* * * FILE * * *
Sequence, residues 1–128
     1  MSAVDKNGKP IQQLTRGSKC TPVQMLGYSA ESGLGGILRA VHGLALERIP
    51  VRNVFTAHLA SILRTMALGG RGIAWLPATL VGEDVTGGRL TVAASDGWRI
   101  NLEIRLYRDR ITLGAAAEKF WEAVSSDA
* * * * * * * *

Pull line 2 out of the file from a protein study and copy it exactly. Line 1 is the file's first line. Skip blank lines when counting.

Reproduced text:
     1  MSAVDKNGKP IQQLTRGSKC TPVQMLGYSA ESGLGGILRA VHGLALERIP